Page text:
Tuesday, December 23, 2008

高麗青瓷茶碗 Korai Seiji Chawan

This is a tea bowl of Kourai Seiji (高麗青磁 Korean Celadon) made in around 130 years ago. It has a small but rather tall foot, which makes it a cute looking. The tall foot, called koudai (高台 tall-stand), is a feature of tea bowl intended to provide a comfortable hold of the bowl when hot tea is made inside. The crackle glaze (ao hibi 皸) is attractive, and almost invisible raised decorative lines can be found around the lower body, on both inside and out.

Thursday, November 20, 2008

My first bowl of whisked tea in a new raku-yaki

A kuro raku-yaki (黑樂燒) tea bowl is usually used for koicha (濃茶) or "thick tea" in Japanese tea ceremony. However, I'm experimenting the Sung Dynasty style of whisked tea with a deep appreciation of the wabi (侘) teawares developed in Japan. With that in mind, the first tea execution with Ai-oi was in usucha (薄茶) style, or as I would call it: dian-cha (點茶)!

It was nighttime, and rainy and chilly outside. I held the bowl this way so I could see both the pale green froth inside and the red glaze flowing on the out-wall of the bowl...

then I drank the tea to the bottom! The special design at the inside bottom allows remaining liquid to be collected there, thus it projects another fascinating scene!

One thing that I was missing is a ceramic ewer for pouring hot water...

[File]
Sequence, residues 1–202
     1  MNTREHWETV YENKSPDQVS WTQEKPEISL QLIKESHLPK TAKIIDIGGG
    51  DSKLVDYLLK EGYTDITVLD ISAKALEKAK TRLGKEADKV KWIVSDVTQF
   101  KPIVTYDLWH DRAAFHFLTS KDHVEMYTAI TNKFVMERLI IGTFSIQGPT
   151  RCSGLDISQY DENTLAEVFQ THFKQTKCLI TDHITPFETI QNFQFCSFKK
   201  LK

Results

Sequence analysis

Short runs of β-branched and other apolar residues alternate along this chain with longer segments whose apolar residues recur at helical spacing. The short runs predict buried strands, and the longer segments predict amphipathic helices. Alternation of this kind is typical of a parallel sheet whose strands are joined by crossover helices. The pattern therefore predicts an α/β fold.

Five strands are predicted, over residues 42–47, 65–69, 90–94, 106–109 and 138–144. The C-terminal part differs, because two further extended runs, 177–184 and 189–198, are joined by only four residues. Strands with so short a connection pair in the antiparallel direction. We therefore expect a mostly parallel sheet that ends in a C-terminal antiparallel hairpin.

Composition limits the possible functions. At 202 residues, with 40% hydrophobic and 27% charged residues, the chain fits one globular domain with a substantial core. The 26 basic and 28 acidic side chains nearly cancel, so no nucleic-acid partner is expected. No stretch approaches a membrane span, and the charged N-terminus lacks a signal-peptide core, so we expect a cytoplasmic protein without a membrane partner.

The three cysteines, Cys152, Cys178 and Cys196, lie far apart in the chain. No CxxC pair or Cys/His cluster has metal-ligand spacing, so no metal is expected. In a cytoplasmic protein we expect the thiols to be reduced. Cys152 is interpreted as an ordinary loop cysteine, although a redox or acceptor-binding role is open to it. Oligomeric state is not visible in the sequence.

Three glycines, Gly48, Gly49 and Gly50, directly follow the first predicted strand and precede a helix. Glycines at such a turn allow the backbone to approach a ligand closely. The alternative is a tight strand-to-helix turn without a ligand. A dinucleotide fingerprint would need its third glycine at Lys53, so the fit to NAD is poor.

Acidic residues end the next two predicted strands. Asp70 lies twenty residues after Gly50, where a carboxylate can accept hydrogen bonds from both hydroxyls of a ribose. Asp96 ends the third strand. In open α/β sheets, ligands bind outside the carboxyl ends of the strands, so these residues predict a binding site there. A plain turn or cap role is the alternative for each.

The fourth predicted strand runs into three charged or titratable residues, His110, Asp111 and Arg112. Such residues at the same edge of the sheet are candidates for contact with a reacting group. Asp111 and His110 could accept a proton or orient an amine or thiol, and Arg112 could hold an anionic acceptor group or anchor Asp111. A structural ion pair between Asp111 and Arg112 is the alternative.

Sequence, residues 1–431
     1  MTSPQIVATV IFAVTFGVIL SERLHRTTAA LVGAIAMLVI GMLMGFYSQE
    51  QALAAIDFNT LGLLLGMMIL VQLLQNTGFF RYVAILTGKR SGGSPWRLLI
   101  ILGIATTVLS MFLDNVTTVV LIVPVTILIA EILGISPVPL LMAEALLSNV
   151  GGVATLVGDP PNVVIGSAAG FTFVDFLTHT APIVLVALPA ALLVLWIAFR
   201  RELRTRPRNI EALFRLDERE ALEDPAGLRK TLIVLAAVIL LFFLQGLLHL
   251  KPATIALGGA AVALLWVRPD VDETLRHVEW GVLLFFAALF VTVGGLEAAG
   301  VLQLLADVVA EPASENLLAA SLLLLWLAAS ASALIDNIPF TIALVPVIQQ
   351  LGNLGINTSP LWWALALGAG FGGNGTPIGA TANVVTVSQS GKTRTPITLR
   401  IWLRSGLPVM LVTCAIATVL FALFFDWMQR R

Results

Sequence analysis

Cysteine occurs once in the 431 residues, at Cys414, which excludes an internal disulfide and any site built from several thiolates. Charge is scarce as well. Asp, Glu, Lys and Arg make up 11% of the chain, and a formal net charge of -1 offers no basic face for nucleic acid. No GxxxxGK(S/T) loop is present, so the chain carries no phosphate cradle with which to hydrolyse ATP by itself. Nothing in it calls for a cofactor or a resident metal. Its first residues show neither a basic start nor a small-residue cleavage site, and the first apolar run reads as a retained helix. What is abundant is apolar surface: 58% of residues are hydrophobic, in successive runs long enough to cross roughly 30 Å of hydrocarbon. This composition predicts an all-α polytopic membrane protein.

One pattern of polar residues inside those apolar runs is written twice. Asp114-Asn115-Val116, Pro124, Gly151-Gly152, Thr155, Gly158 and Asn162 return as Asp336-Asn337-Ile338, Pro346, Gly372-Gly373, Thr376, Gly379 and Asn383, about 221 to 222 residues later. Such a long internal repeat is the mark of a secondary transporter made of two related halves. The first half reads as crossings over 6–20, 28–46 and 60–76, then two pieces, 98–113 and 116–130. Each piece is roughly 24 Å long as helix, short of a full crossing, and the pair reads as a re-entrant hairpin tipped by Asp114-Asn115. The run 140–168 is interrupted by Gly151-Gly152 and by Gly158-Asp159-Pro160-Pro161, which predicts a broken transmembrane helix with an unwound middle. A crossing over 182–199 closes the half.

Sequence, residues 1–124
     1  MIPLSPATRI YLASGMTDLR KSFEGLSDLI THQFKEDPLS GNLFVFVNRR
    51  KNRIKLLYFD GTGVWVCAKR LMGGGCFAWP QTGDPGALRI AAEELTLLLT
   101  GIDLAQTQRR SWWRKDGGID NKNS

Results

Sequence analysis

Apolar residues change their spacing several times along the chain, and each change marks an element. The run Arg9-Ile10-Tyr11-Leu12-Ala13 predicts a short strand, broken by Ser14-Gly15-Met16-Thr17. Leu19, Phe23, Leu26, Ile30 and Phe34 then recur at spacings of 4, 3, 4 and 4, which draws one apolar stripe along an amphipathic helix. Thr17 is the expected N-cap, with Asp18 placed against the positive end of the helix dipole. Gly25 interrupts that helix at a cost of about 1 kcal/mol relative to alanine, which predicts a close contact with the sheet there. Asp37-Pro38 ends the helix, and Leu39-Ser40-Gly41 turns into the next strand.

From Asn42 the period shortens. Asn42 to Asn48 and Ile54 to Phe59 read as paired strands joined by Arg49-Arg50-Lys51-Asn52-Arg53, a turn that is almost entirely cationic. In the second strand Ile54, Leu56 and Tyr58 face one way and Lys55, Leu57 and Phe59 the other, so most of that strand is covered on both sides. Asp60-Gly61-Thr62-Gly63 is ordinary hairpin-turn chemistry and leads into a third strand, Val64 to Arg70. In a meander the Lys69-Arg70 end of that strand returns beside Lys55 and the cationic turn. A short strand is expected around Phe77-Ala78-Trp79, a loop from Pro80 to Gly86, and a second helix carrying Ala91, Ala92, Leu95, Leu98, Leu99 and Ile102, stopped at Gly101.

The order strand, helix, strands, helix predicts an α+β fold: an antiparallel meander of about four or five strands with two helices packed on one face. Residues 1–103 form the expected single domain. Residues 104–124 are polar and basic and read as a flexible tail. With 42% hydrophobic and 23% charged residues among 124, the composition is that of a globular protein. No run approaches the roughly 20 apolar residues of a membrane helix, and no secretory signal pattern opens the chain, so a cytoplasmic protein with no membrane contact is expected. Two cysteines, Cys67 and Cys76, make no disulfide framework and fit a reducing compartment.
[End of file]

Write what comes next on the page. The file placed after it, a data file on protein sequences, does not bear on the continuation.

Friday, November 7, 2008

Ai-oi - A Raku Tea Bowl by Ko-raku

I just acquired a Rakuyaki (楽焼) tea bowl. The artist is Koraku (光樂).

It caught my eyes the first second I saw it, and I believed I was looking at a great master piece of a Raku ware, specifically, a Kuro Rakuyaki or 黒楽焼. The seller revealed that this bowl is made 40 years ago. A famous monk named Gensei Miyanishi, the superintendent priest of a Rinzai (臨済) temple, signed the wooden container box and gave the name Ai oi (相生) to this bowl. The meaning of the word Ai oi is rather ambiguous - as it is always for an Eastern mind! One way to render it could be "(the two) living in harmony." However, the Japanese seller gives "wooden root is divided into two truncks"! and therefore, suggests that this teaware is best to be used in Spring season.

Myōan Eisai (明菴栄西), the founder of the Rinzai School of Zen in Japan during 12th century wrote the famous 喫茶養生記 Kissa Yojoki, Treatise on Tea Drinking for Health. That was the oldest tea specialty book in Japan.

A similiar item by the same artist can be found being bid currently on Yahoo Japan (for 15,000円).

(茶道具 黒楽茶碗 光樂造 銘 庵の友 箱書 表 桐共箱)

Sunday, July 20, 2008

5 Oolong Teas (2): Dahongpao

As Bill mentioned in his comment on my last post, there was a confusion whether the container marked by him as "1980's Dahongpao" is indeed a Dahongpao, or not?! "When I had placed the tea in the container, I was abrubtly taken away to attend to another matter. As a consquence, I forgot what I had given you!" Uh uh...

But, is this a problem? Not for me. My strategy is to test this tea with a benchmark, a real Dahongpao that I bought at Malian-dao, the biggest Tea shopping center in Beijing, last summer!


(1980's dry leaves)

(2007's dry leaves)

Yes, it is very important to smell the dry leaves -- this will reveal a lot of information: How the tea is processed and stored; where it came from; and together with the shape of the leaves it often tells what the tea IS! My Dahongpao releases a rather strong tosted and pleasant aroma; Bill's is much lighter, which made me think that it must have gone through a long period of dry storage; but my nose still tells me that this is not a Dancong or a Oolong from any other region. It is of Wuyi. The leaves of these two tea also bear quite a lot of similiarities.


(1980's infusions 1 to 5)

(2007's infusions 1 to 5)

The 1980'S